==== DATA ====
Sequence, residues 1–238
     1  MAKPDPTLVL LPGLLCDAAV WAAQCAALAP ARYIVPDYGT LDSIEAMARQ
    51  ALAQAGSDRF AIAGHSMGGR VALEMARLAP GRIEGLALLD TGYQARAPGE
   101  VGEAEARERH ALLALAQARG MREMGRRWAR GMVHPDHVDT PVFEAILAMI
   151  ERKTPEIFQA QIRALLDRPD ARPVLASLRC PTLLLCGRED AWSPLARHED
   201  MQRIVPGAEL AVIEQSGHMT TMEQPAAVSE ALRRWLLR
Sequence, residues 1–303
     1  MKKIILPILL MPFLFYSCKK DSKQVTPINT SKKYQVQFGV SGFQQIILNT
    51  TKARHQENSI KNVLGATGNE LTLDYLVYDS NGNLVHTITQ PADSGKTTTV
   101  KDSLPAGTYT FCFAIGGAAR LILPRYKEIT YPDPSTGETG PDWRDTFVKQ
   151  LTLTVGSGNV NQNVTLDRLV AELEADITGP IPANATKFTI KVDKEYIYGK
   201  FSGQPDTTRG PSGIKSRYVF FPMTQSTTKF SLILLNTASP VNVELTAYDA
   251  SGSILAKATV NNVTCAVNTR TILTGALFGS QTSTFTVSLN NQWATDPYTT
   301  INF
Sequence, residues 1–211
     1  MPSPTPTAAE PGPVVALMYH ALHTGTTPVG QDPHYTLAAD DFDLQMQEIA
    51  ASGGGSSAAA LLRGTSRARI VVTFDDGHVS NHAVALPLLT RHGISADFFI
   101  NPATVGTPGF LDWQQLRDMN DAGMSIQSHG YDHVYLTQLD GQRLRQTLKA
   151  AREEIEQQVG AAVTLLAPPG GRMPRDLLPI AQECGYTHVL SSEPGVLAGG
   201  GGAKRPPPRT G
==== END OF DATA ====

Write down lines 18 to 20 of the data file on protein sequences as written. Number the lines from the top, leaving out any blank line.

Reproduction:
   101  NPATVGTPGF LDWQQLRDMN DAGMSIQSHG YDHVYLTQLD GQRLRQTLKA
   151  AREEIEQQVG AAVTLLAPPG GRMPRDLLPI AQECGYTHVL SSEPGVLAGG
   201  GGAKRPPPRT G